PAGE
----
3. If you take heed of tip #2, you’ll need to provide cups. If you use plastic or paper cups, provide markers at the drink counter so people can write their names on their cups- and therefore not use more than one.
4. And even if you follow tip #2, you’re likely to have beer and other individual-sized beverages in a cooler. Encourage recycling by putting out easily identifiable bins- you’ll find fewer bottles and cans smeared with ketchup in the garbage.
5. Grill locally grown fruits and vegetables. While local doesn’t necessarily mean organic, small farms are often more likely to be more sustainable and pesticide-free.

More after the jump.
6. Going vegetarian can be better for the planet than eating meat. But if you do eat meat – or your guests do, invest in organic, local or sustainably raised dogs, burgers and chicken.
7. Encourage walking, biking or carpooling to your party.
8. Make sure mosquitoes don’t drive your guests away. Before the party, take a look at prime mosquito breeding grounds – clean out rain gutters, check other spots with standing water and mow your grass (with a reel mower, of course). Even better, help the mosquito-problem year round without resorting to chemicals by installing a bat house in your yard.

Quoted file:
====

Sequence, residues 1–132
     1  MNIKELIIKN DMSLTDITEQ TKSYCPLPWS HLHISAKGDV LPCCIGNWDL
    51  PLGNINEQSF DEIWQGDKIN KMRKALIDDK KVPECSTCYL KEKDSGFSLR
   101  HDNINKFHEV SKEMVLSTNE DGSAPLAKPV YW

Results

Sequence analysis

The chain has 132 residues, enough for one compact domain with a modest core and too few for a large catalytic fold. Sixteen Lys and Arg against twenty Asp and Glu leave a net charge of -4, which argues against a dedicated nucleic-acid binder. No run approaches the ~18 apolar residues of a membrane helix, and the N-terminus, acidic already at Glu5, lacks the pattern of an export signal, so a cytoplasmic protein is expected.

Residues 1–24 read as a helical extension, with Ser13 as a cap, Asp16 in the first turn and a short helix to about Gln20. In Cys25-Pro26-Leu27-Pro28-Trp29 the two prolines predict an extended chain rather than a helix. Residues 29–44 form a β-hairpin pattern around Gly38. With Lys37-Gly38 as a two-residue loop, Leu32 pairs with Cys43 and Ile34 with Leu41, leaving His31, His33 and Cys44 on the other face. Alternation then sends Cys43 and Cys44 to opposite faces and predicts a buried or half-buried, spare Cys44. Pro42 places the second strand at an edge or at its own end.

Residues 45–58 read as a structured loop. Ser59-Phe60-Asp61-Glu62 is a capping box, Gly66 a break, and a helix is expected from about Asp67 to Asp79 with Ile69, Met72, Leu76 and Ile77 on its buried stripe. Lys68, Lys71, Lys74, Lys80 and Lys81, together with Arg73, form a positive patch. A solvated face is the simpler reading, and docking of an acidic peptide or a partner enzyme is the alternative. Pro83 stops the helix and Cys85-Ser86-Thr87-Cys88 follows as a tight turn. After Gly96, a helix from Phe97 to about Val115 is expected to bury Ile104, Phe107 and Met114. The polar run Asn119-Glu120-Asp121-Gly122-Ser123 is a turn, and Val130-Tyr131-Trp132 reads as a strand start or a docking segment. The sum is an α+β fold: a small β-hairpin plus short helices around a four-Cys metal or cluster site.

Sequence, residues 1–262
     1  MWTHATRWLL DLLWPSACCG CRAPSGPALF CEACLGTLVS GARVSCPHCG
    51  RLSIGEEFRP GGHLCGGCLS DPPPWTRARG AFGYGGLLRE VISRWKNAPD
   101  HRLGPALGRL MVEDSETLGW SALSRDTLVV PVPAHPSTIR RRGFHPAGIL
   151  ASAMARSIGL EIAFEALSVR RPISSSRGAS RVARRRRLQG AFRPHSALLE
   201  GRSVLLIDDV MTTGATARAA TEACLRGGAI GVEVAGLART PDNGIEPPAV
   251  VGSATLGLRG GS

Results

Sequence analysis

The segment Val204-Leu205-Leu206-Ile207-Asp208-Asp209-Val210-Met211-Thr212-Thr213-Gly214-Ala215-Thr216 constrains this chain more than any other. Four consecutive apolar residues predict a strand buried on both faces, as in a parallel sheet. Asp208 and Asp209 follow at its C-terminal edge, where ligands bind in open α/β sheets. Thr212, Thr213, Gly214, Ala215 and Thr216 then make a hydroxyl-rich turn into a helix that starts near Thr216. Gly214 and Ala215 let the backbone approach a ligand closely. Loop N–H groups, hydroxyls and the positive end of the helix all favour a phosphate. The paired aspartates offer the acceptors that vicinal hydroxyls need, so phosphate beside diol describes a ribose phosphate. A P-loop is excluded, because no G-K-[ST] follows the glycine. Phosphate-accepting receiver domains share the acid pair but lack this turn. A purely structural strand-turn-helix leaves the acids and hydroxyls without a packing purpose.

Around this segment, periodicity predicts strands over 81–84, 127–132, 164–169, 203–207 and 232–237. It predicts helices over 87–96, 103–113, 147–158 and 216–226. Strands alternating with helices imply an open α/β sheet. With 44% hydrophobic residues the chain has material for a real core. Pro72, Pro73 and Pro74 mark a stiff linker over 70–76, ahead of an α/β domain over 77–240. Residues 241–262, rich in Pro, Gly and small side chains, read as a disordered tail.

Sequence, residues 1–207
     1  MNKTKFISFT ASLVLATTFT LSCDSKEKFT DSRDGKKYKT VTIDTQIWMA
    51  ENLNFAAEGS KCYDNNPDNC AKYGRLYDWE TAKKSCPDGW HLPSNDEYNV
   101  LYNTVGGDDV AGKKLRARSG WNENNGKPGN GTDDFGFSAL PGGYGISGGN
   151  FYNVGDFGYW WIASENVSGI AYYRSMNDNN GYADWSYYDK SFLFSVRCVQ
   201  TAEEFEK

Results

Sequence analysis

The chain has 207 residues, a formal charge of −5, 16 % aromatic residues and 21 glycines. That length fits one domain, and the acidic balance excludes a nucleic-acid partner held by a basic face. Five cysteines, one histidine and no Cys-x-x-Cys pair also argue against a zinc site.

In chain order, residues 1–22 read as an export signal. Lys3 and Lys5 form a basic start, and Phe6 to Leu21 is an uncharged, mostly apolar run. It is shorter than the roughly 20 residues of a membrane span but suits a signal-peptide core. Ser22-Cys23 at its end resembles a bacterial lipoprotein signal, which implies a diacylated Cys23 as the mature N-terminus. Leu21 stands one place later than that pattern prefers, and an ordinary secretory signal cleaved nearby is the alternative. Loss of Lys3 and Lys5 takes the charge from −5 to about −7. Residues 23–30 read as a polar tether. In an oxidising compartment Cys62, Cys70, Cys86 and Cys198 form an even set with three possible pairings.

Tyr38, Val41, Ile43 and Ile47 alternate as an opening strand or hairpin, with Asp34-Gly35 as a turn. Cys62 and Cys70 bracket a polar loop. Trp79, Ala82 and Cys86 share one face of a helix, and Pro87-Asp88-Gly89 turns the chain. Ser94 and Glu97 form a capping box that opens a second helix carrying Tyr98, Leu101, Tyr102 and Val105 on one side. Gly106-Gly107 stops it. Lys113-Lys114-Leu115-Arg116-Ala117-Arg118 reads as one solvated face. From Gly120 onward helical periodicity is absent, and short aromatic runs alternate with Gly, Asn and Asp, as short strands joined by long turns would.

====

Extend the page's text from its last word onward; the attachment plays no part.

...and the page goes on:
9. If you’re throwing a big bash, chose e-vites over mailed invitations.  Sending invitations electronically will save both money and trees. Bonus for going the electronic route: You’ll save on the fuel used to deliver the cards.
10. Don’t forget the little things. Choosing organic condiments, reusable napkins instead of paper ones, homemade decorations and fresh flowers over disposable party products and other details will help round off the finishing touches of your green BBQ.

For more information:

The Nature Conservancy is the leading conservation organization working around the world to protect ecologically important lands and waters for nature and people.  To date, the Conservancy and its more than one million members have been responsible for the protection of more than 18 million acres in the United States and have helped preserve more than 117 million acres in Latin America, the Caribbean, Asia and the Pacific. Visit The Nature Conservancy on the Web at